The government of Bulgaria is looking to lessen the country's dependence on natural gas supplies from Russia by purchasing half its annual demand from Azerbaijan and the United States.
Energy Minister Temenuzhka Petkova said in a meeting with top U.S. energy officials in Washington on Tuesday that Bulgaria's overall annual consumption of natural gas is three billion cubic meters (bcm), which is supplied entirely by Russia. By the end of 2020, however, Russia's domination of the southeastern European country’s gas market will be cut, thanks to supplies flowing through the Southern Gas Corridor and liquefied natural gas (LNG) imports from the United States.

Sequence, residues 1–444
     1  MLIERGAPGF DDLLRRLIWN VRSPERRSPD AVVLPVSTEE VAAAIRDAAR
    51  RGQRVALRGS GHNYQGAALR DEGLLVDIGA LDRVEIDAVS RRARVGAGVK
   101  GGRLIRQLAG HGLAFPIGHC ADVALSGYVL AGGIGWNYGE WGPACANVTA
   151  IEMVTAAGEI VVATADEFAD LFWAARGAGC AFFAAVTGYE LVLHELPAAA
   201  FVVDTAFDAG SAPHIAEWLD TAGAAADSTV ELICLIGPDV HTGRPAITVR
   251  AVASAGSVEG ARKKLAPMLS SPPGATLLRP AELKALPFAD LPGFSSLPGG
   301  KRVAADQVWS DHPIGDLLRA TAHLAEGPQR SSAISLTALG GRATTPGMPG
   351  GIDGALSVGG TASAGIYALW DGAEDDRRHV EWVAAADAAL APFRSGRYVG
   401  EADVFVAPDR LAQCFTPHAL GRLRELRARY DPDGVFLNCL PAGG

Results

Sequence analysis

In June 2019, the first shipments of American LNG reached Bulgaria; by December, imports totaled almost a half a billion cubic meters.
"This is an important step in promoting a transparent, liquid and reliable natural gas market not only in Bulgaria, but also in the region," Petkova said.
Transporting gas from the Shah Deniz gas field beneath the Caspian Sea to Bulgaria via the Southern Gas Corridor – a mega-pipeline that starts in Azerbaijan and ultimately ends in southern Italy – will reportedly result in Bulgaria receiving one bcm per year. This is made possible due to the Trans Adriatic Pipeline segment of the corridor, which traverses through Greece, and the 182 km (113 mi) Interconnector Greece Bulgaria (IGB) tangential segment, which will move the gas northward into Bulgaria.
IGB will go into commercial operation sometime in the second half of 2020. The line’s throughput capacity is designed to handle between three to five bcm, in case Bulgaria wants to import more gas from Azerbaijan.